Snowe, Kerry Urge Sarbanes-Oxley Extension for Small Firms
WASHINGTON - Today Senators Olympia J. Snowe (R-Maine) and John Kerry (D-Mass.) called for a delayed implementation of the Sarbanes-Oxley Section 404 requirements for small public firms to ease the burden on complying with the expected new auditing standards. Section 404 requires firms to establish internal control frameworks and to file internal control reports. The Securities and Exchange Commission (SEC) and the Public Company Accounting Oversight Board (PCAOB) proposed rules and guidance late last year addressing this section and are accepting public comments through Monday, February 26th.
“Requiring small public companies to institute strong internal controls to ensure the accuracy of their financial reporting is appropriate,” Snowe said. “At the same time it is also prudent to allow small companies a year to work with the SEC and PCAOB guidelines before they are evaluated on the effectiveness of these controls. The delay in issuing final guidance to small public companies has created substantial hardships. Senator Kerry and I believe we should allow the necessary time for small companies to understand the rules by which they will be evaluated.”
“We can have strong corporate accountability standards while also reducing the burden for small firms who spend more time and money earned than big companies to comply with Sarbanes-Oxley,” said Kerry. “We must do everything possible to appropriately reduce red tape in order for small firms to grow and become dynamic public companies.”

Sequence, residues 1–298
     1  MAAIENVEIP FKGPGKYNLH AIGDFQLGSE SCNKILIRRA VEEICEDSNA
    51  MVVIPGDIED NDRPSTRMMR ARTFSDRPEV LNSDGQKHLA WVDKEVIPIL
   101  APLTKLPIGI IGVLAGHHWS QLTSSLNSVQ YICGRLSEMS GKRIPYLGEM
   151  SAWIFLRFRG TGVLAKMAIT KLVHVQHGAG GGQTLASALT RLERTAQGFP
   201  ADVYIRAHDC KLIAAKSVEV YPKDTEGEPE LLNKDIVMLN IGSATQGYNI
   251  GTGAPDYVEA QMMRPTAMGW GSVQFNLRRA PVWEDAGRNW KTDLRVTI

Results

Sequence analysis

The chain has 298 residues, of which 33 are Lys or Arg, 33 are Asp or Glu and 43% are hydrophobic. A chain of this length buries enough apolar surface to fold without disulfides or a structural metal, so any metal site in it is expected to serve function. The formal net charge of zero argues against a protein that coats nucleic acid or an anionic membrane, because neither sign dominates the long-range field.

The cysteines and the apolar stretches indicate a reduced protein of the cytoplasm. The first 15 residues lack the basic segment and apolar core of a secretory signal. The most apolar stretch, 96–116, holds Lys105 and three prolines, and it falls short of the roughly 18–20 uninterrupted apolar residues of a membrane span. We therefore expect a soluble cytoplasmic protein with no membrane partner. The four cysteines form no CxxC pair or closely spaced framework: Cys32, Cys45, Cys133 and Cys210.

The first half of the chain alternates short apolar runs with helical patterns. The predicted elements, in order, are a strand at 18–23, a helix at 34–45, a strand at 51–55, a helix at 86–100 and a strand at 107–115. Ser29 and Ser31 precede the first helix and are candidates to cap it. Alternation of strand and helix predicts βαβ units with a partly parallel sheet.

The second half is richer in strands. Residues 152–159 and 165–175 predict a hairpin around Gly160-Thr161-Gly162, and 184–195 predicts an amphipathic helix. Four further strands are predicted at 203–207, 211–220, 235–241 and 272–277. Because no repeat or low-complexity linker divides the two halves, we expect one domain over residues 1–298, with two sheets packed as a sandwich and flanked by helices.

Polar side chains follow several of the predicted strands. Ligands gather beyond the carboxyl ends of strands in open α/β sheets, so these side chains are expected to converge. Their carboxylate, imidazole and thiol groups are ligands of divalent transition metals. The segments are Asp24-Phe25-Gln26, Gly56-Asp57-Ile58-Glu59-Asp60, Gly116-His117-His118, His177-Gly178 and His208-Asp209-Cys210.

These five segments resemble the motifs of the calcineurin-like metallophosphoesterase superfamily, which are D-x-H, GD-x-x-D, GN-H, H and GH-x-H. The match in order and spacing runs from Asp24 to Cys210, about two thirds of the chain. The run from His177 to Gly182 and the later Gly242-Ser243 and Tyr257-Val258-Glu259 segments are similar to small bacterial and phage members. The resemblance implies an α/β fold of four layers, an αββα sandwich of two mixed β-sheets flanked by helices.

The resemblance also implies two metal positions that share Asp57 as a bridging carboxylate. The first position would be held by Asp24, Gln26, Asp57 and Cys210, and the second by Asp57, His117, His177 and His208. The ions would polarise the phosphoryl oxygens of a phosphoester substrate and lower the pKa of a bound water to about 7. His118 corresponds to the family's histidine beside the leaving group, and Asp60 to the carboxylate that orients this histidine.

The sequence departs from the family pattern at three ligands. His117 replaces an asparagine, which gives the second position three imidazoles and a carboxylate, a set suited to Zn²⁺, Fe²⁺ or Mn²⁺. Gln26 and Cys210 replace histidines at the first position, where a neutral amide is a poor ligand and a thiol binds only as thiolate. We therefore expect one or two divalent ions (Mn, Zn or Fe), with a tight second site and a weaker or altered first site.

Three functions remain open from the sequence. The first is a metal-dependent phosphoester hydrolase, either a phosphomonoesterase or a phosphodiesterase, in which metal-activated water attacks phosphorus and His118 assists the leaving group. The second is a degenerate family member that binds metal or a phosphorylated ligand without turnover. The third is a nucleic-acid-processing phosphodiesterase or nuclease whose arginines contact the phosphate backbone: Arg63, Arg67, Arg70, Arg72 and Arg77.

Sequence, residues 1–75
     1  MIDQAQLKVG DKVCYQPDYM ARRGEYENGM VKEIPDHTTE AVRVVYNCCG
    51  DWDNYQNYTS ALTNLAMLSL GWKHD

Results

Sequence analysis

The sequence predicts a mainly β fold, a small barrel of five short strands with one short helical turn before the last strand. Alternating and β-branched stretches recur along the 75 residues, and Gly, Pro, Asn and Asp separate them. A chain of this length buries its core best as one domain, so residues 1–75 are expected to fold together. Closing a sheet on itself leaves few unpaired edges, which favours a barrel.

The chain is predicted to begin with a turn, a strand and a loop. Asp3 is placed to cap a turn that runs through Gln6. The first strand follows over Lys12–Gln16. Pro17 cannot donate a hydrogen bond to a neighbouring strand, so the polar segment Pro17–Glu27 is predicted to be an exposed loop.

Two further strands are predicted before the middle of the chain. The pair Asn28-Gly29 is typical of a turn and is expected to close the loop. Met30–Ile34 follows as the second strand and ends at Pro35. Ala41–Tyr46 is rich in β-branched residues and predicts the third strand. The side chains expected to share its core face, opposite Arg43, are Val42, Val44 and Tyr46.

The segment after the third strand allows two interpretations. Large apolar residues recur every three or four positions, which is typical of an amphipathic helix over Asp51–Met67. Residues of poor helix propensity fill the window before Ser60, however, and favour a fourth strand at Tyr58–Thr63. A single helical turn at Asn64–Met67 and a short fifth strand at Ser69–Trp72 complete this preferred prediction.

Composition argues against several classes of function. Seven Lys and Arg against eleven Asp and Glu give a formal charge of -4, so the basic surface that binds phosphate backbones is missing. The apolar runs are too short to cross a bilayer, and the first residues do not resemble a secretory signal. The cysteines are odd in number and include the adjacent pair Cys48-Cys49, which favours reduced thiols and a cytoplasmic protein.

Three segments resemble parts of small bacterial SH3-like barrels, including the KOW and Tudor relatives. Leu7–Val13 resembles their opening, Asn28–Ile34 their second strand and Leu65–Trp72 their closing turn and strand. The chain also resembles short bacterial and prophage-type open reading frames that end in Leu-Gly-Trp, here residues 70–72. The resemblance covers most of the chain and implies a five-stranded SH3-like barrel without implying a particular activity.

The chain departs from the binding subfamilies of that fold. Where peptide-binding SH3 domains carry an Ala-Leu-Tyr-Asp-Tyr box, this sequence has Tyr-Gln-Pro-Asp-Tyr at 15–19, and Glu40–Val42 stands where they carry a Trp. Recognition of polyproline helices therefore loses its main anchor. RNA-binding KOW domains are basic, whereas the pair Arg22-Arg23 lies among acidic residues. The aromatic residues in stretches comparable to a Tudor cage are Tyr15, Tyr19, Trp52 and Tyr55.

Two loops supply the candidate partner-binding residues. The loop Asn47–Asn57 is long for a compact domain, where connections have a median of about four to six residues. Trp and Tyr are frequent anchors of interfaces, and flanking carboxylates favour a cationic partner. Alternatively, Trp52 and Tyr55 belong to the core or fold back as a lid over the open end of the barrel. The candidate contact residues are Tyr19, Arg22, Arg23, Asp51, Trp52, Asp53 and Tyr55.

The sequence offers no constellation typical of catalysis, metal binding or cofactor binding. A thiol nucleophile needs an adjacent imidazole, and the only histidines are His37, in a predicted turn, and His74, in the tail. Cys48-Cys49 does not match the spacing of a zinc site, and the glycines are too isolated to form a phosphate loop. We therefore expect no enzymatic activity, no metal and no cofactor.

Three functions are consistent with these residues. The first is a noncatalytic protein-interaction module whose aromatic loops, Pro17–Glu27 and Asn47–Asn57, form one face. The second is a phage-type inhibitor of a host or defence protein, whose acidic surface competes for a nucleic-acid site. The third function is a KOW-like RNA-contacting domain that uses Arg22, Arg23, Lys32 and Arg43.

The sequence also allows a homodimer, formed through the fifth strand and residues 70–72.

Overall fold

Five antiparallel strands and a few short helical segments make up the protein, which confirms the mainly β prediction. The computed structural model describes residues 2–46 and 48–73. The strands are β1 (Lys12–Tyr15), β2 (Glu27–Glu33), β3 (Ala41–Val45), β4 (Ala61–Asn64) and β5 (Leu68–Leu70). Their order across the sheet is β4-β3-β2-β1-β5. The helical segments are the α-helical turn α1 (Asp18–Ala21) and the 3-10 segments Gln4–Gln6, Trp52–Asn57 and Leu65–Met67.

A recent Government Accountability Office (GAO) report requested by Senators Snowe and Mike Enzi (R-Wyo.) found that small public companies spend considerably more on implementing Sarbanes-Oxley, particularly Section 404. The report found that firms with less than $75 million in market capitalization were spending 877 percent more than larger counterparts -- $1.14 in audit fees per $100 of revenue, compared to just $.13 per $100 for firms with greater than $1 billion in market capitalization.
Kerry and Snowe, the Chairman and Ranking Member of the Committee on Small Business and Entrepreneurship also urged the panels to carefully consider all comments from small public companies, especially those worth less than $75 million.
“Independent Community Bankers of America applauds the Senate Small Business and Entrepreneurship Committee for requesting up to a one year delay in the Section 404 due dates for non-accelerated filers so the calendar year filers will have at least until the due date for their 2008 annual report to file their management internal control reports and the due date for their 2009 annual report to file the auditor’s attestation report,” said Chris Cole, regulatory counsel for ICBA.
"The American Bankers Association fully supports the delay of the effective date of Section 404 for small companies. It is important to be sure that the changes being made to the Section 404 process are effective prior to asking small businesses to implement them, and we appreciate the leadership that Chairman Kerry and Ranking Member Snowe are taking with this effort,” said Floyd Stoner, executive director of congressional relations for the ABA.
Following is the text of the letter:
February 23, 2007
The Honorable Christopher Cox
Securities and Exchange Commission
450 Fifth Street, N.W.
Washington, D.C. 20549
The Honorable Mark W. Olson
Public Company Accounting Oversight Board
1666 K Street, N.W.
Washington, D.C. 20006
Dear Chairmen Cox and Olson:
Just a few years ago, the trust and confidence of the American people in their financial markets was seriously eroded by the emergence of a series of corporate accounting scandals. The Sarbanes-Oxley Act of 2002 helped restore confidence in our capital markets and increasing accountability to the corporate governance of public companies.